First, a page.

French wine regions.
Alsace is primarily a white-wine region, though some red, rosé, sparkling and sweet wines are also produced. It is situated in eastern France on the river Ill and borders Germany, a country with which it shares many grape varieties as well as a long tradition of varietal labelling. Grapes grown in Alsace include Riesling, Gewurztraminer, Pinot Gris, Pinot Blanc, Pinot Noir, and Muscat.
Beaujolais is primarily a red-wine region generally made from the Gamay grape, though some white and sparkling rosé are also produced. It is situated in central East of France following the river Saone below Burgundy and above Lyon. There are 12 appellations in Beaujolais including Beaujolais AOC and Beaujolais-Villages AOC and 10 Crus: Brouilly, Regnié, Chiroubles, Cote de Brouilly, Fleurie, Saint-Amour, Chénas, Juliénas, Morgon and Moulin-a-Vent. The Beaujolais region is also notorious for the Beaujolais Nouveau, a popular vin de primeur which is released annually on the third Thursday of November.
Bordeaux is a large region on the Atlantic coast, which has a long history of exporting its wines overseas. This is primarily a red wine region, famous for the wines Château Lafite-Rothschild, Château Latour, Château Mouton-Rothschild, Château Margaux and Château Haut-Brion from the Médoc sub-region; Château Cheval Blanc and Château Ausone in Saint-Émilion; and Château Pétrus and Château Le Pin in Pomerol. The red wines produced are usually blended, from Cabernet Sauvignon, Merlot and sometimes Cabernet Franc. Bordeaux also makes dry and sweet white wines, including some of the world's most famous sweet wines from the Sauternes appellation, such as Château d'Yquem.
Burgundy or Bourgogne in eastern France is a region where red and white wines are equally important. Probably more terroir-conscious than any other region, Burgundy is divided into the largest number of appellations of any French region. The top wines from Burgundy's heartland in Côte d'Or command high prices. The Burgundy region is divided in four main parts:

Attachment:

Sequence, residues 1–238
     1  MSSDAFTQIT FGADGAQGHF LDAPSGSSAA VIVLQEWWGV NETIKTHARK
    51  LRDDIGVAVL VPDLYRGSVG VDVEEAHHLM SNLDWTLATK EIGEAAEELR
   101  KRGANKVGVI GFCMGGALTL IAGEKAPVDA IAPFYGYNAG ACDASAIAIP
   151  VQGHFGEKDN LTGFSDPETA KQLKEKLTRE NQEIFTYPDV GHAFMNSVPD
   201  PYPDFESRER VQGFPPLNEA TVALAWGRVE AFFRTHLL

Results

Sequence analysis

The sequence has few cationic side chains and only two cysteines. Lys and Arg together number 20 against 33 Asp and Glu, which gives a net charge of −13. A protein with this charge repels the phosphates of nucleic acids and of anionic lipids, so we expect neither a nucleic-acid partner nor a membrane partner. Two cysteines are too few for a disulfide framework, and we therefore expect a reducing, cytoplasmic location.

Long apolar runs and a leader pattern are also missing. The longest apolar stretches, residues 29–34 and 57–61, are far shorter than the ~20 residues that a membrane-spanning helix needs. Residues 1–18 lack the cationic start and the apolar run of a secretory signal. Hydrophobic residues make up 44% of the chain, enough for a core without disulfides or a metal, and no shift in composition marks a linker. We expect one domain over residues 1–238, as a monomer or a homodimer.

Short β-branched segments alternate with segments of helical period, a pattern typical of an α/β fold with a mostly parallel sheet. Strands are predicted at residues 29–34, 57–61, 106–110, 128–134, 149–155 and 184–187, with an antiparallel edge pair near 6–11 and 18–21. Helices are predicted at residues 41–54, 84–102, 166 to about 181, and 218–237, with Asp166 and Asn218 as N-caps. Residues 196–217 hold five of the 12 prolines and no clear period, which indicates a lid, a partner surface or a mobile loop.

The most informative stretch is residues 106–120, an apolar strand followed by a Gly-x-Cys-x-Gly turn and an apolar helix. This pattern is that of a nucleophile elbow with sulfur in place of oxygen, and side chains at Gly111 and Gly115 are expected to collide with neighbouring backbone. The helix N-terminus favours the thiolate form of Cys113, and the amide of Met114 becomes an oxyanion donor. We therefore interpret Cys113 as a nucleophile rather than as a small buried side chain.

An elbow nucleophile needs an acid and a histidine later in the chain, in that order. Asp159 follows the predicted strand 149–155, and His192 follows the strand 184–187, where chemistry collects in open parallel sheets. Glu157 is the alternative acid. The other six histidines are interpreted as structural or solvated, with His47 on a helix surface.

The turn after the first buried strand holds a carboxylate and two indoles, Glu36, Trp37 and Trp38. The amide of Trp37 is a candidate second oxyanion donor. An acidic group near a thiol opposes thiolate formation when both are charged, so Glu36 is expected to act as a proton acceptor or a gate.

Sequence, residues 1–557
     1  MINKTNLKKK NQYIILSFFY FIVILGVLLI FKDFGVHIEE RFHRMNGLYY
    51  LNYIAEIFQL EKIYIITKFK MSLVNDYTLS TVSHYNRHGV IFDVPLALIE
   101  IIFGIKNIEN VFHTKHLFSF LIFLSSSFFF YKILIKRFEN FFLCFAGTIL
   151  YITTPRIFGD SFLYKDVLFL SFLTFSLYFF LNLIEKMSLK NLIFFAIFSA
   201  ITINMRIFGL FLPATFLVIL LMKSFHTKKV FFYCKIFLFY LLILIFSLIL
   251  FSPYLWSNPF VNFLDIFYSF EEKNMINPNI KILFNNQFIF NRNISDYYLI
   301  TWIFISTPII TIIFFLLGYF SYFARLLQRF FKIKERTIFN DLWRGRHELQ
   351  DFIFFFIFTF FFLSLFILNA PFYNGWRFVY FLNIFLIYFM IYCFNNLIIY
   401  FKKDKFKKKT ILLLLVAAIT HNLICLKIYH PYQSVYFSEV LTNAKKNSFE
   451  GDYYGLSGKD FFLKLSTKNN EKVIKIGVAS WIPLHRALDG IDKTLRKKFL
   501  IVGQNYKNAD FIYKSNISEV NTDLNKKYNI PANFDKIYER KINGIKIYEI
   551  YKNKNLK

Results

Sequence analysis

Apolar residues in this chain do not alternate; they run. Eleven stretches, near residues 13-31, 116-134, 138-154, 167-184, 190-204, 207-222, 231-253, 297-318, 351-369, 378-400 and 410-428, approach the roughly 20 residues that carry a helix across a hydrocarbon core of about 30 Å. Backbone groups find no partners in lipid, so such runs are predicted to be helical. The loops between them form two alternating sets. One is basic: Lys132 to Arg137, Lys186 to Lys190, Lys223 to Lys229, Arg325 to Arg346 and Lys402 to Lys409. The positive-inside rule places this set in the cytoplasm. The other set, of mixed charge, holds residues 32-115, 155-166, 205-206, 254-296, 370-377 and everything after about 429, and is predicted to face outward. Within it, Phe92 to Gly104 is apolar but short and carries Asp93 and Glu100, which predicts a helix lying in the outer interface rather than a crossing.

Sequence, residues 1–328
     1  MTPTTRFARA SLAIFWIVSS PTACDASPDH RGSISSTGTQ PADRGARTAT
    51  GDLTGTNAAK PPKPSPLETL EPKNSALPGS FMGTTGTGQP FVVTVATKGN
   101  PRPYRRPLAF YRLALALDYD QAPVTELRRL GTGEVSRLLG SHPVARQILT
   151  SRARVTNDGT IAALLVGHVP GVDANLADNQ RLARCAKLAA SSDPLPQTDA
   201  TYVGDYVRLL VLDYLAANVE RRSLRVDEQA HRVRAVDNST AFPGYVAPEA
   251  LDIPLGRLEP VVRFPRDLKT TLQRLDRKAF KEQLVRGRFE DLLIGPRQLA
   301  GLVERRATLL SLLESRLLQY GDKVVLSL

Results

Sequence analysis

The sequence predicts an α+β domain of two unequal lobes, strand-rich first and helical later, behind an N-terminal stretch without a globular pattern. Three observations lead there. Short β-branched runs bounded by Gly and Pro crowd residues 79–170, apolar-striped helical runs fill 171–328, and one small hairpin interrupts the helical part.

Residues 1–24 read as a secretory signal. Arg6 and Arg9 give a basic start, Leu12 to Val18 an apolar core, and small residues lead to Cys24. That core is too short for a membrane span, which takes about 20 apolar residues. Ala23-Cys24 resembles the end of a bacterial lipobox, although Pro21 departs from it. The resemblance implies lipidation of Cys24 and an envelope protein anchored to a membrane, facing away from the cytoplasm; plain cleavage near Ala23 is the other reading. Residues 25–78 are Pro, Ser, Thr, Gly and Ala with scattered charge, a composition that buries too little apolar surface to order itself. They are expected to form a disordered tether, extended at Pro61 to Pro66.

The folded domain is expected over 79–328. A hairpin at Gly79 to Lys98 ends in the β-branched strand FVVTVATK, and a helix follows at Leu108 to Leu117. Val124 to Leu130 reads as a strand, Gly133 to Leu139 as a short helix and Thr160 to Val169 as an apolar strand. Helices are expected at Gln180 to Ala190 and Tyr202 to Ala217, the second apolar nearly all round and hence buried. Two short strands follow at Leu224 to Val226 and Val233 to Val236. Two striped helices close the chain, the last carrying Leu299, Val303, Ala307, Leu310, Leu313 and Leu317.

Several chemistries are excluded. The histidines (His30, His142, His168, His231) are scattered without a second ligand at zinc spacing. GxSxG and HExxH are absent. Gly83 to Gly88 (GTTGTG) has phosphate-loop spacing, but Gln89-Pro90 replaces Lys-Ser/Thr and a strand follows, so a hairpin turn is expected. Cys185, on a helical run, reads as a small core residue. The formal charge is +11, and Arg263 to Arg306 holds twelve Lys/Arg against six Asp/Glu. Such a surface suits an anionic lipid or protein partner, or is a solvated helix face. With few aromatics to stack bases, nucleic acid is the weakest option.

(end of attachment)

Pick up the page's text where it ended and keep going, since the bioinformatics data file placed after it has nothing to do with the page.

The Cote de Nuits (from Marsannay-La-Cote down to Nuits-Saint-Georges)
The Cote de Beaune (from north of Beaune to Santenay)
The Cote Chalonnaise
Two parts of Burgundy that are sometimes considered as separate regions are:
Beaujolais in the south, close to the Rhône Valley region, where mostly red wines are made in a fruity style that is usually consumed young. "Beaujolais Nouveau" is the only wine that can be legally consumed in the year of its production (Third week end of November)
Chablis, halfway between Côte d'Or and Paris, where white wines are produced on chalky soil giving a more crisp and steely style than the rest of Burgundy.
There are two main grape varieties used in Burgundy – Chardonnay for white wines, and Pinot Noir for red. White wines are also sometimes made from Aligoté, and other grape varieties will also be found occasionally.
Champagne, situated in eastern France, close to Belgium and Luxembourg, is the coldest of France's major wine regions and home to its major sparkling wine. Champagne wines can be both white and rosé. A small amount of still wine is produced in Champagne (as AOC Coteaux Champenois) of which some can be red wine.
Corsica is an island in the Mediterranean the wines of which are primarily consumed on the island itself. It has nine AOC regions and an island-wide vin de pays designation and is still developing its production methods as well as its regional style.